A&RBC:Are you an avid or occasional reader?
Allen: I am constantly reading several books at a time. I'll usually read one book about my craft, another about the business end of writing or technology (like using social media) and another one that's lighter – usually a good fiction or humor book. Since getting my first Kindle and iPhone, I've found that I can carry my entire library with me wherever I go. I can read for 5 minutes or an hour, wherever I am. Good writers need to use their time wisely.
A&RBC: What are two things you want your readers to know about you?
Allen: am a self-taught writer. While I do have a college degree, it has nothing to do with literature or journalism. I was aptitude tested in 1989 and found to have natural writing abilities – which is why I was able to enjoy writing a master's thesis based on biochemistry. It wasn't until sometime later that I discovered how much I enjoyed writing about the humorous side of life. It's not easy and few people do it well. Through my own circuitous career, I've discovered that there's nothing you can't do if you put your mind to it. The proof: I'm making money writing while living in the heart of the Colorado Rocky Mountains. What could be better?
A&RBC: If you could interview one of your favorite authors, who would it be? Why?
Allen: I'm a big fan of David Sedaris. He's a great example of someone who couldn't hold down a job doing anything. Then, his work appeared on NPR and his career took off. David has a unique way of taking a mundane subject like stripping paint off of a wall or working as an elf in Macy's Santaland and making it funny. He proves that there is humor in just about everything in life if we know where to look for it.
A&RBC: What is or was your dream job?
Allen: I've been fortunate enough to follow my dreams, most of my life. Unhindered by a wife or family (and I mean that in a nice way), I've gone wherever the wind took me. After high school I volunteered for the U.S. Navy during the height of the Vietnam War. After leaving the Navy, I went back to school for a couple of years, then snow skied professionally for the first of several times in my life. That was followed by 10 years as a hairdresser (see "A Hairdresser's Lament" in my book), earning a masters degree in Exercise Physiology and working with heart disease patients, 20 years in the computer industry, then back to the ski industry. Through all of those pursuits, I continued to write – my real dream job. I'm currently living in Vail, Colorado, in the heart of the Rocky Mountains, following various writing pursuits. Through the wonder of the Internet, I've written for clients all over the world from the comfort of my office or living room. Isn't life grand?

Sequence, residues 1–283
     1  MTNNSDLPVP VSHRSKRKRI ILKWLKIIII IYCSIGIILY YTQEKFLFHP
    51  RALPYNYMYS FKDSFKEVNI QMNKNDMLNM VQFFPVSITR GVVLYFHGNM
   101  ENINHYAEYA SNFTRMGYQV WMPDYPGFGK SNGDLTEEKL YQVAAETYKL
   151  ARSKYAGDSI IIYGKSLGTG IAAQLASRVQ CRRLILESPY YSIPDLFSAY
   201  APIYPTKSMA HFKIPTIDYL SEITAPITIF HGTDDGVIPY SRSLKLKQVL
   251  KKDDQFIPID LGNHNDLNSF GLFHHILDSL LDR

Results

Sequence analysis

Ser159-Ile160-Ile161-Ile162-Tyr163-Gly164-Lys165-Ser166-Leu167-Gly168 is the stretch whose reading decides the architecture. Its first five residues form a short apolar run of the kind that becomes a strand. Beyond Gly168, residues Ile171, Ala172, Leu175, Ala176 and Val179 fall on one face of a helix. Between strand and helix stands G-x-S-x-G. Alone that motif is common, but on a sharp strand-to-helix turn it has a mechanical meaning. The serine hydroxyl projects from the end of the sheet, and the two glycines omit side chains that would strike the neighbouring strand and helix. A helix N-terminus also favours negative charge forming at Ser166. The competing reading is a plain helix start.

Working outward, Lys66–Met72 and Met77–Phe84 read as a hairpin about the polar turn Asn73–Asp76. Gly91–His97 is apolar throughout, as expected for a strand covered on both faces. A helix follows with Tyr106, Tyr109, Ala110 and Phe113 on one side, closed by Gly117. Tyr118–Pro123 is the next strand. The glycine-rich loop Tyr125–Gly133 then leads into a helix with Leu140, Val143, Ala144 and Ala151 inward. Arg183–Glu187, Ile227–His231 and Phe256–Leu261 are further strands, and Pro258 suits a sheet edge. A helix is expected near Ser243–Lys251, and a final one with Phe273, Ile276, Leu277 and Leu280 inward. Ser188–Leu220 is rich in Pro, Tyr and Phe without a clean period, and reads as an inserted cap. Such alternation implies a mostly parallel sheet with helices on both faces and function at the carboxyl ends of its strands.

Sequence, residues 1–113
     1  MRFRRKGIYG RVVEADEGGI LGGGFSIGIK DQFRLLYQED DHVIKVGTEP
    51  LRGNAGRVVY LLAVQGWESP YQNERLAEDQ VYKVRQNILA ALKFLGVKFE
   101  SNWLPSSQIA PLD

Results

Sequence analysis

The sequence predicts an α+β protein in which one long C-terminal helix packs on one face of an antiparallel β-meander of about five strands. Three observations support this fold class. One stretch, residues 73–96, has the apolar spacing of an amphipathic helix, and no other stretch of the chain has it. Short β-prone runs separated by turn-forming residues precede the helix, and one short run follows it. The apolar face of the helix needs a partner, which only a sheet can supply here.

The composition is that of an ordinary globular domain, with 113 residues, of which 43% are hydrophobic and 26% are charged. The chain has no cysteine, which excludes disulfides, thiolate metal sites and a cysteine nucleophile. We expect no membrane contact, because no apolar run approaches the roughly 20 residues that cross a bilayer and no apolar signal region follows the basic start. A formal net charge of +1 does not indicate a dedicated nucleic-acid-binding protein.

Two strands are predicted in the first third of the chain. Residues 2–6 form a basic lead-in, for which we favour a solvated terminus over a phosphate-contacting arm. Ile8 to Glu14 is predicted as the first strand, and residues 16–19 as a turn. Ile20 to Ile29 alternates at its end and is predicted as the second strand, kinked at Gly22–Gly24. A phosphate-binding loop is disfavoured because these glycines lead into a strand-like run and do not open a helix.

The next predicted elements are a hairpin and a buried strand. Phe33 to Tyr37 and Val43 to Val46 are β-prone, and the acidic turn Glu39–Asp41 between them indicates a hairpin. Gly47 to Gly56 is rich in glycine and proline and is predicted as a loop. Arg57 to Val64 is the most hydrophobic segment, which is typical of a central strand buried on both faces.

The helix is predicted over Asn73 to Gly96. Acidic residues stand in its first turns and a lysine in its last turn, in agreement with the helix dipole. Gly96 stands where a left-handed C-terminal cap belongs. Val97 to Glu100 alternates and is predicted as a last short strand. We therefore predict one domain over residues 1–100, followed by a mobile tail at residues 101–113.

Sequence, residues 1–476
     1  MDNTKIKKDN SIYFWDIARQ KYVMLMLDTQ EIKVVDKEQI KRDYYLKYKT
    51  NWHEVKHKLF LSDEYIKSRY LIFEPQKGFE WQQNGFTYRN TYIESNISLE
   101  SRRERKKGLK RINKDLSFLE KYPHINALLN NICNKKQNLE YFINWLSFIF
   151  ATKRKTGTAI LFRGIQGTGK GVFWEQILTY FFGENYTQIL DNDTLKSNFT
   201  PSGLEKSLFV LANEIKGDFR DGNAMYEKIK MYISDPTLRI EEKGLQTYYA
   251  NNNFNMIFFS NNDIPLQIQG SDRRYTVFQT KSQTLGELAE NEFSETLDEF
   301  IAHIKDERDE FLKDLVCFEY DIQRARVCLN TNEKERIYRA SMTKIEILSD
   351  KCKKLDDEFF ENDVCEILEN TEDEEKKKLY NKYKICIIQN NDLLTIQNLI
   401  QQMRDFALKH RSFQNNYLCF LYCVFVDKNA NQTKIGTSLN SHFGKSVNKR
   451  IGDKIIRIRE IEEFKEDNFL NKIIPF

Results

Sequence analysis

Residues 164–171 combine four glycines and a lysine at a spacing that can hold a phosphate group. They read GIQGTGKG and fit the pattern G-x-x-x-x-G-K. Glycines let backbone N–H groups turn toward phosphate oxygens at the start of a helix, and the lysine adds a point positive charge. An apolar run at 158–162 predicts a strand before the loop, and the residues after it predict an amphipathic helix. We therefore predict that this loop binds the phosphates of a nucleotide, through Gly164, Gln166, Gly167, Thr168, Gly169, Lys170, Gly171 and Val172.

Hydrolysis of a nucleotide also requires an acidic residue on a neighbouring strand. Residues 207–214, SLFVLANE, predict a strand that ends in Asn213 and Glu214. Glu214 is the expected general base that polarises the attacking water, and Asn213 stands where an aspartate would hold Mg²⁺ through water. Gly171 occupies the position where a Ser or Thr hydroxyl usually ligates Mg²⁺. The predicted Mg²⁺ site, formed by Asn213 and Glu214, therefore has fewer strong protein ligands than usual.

A&RBC:What new projects are you working on?
Allen: With a new book out, a lot of my time is currently spent marketing it. But, I'm continuing to write about the complexities of life and how we manage to get ourselves into so many pickles. Who knows? There could be another book out sometime next year!
A&RBC: Where can readers find you?
Allen: My website, www.snowwriter.com is the best place to begin. The site contains a brief author bio, a portfolio of some of my work (the more serious stuff) and two full pages devoted to my books, "Ski Instructors Confidential – the stories ski instructors swap back at the lodge," that was published in 2005 and "Watching Grandma Circle the Drain." You can also follow me on Facebook at www.facebook.com/snowwriter and Twitter at @Snowwriter.